We are almost certain that the nervous “zombie” standing in front of Seabrook is a slave employed by the Americans. These slaves lived in a filthy and filthy environment, had no food to eat, and had to work 18 hours a day. Of course, they would not have a good face. But Seabrook ignored this. In “Magic Island”, he used the eye-catching “zombie writing” to describe these slaves, making zombies a sensational social topic in the United States. The major media began to rush to report, and many reporters personally went to the Haitian plantation to inquire about the news. At this time, the United States is also becoming the center of the world’s cinema, so in 1932, the first zombie film in the United States-“White Zombie” was released.
  The film takes Haiti as the stage. A white couple came to Haiti to get married, but another planter fell in love with the woman of the couple, so a despicable conspiracy appeared. The planter recruited a witch The poison wizard turned this woman into a zombie, and later developed to turn all Haitian white beauties into zombies… But in the end, the white couple was unscathed, and the voodoo wizard was pushed off the cliff.
  ”White Zombie” was very successful at the box office, sparking a wave of zombie films in the 1930s and 1940s in the United States. The zombie culture of this period has some common characteristics: the storylines are all based on Haiti’s voodoo religion, reflecting Americans’ fear of foreign and mysterious cults, discrimination against black slaves, and insecurity caused by foreign colonial aggression. sense.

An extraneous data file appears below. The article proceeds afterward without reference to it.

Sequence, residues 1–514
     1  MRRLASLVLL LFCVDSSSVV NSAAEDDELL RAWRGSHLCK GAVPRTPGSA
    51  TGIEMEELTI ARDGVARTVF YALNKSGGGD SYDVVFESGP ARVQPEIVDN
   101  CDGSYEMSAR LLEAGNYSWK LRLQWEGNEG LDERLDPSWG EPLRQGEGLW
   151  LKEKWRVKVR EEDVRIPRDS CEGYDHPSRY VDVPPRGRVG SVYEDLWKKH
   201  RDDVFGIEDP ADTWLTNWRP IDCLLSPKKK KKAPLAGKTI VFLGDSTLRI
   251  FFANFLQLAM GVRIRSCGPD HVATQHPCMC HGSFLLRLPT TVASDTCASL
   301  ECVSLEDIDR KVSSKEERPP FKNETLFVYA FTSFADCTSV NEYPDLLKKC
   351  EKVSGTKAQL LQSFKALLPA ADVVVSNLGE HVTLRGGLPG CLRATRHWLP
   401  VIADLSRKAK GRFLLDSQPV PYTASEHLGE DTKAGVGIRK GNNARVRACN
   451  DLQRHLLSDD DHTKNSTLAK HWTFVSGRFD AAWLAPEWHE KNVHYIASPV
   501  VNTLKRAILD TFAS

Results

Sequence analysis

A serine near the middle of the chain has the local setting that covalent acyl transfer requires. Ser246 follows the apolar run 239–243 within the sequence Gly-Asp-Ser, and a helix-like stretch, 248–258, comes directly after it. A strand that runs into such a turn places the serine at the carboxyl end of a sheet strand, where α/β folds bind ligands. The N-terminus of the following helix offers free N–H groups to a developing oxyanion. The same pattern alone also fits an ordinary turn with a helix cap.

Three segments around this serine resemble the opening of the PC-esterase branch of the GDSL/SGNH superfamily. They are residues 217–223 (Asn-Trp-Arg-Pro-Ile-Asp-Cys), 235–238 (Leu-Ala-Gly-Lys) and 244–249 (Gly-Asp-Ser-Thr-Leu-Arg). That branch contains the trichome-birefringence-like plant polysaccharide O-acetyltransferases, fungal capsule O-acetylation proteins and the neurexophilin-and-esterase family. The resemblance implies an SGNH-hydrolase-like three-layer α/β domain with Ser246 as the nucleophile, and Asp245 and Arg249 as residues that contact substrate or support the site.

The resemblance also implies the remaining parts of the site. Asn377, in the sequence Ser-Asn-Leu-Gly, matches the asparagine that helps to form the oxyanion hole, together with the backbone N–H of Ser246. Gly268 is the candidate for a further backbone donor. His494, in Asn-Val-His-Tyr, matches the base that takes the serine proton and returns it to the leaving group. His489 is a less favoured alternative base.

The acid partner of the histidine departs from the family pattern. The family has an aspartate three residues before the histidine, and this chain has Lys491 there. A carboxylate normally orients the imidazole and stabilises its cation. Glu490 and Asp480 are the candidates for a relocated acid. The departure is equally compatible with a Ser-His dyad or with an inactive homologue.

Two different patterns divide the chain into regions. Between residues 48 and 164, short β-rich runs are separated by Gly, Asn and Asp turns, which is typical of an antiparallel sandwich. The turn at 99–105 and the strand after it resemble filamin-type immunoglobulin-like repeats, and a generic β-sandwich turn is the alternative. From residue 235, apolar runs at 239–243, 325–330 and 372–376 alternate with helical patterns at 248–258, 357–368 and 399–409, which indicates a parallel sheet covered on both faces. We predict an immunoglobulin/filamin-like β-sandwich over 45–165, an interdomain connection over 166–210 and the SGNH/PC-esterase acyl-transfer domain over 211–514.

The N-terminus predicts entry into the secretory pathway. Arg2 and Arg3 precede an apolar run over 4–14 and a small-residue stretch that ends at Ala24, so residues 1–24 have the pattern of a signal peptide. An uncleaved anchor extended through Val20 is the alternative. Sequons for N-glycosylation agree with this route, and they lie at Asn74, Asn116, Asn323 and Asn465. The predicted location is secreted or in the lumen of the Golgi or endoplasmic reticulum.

Advocate for “political fear” and social issues
  In the 1940s, zombies have evolved from the little-known Haitian folklore to a widely spread culture throughout the United States-they appeared in various songs, topics of radio shows, and featured mascots in nightclubs. However, as the political situation changed, zombies quickly gained new symbolic meaning.
  At that time, Americans were entering a period of history full of fears and worries. This fear stemmed from the political situation at home and abroad. The Second World War brought military pressure to Americans; the invention of the atomic bomb made Americans feel the nuclear threat; the rise of the Soviet Union brought pressure from the Cold War… Zombie culture became a window for Americans to vent their political fears. In the 1941 movie “The King of Zombies”, a US military plane crashed into an island country in the Caribbean. The pilot encountered a foreign spy in the island country. The spy was using the zombies to steal war information from an American admiral. In the 1943 movie “Zombie Revenge”, an evil medical doctor secretly created a zombie army in Louisiana, USA, in order to help Nazi Germany win the war.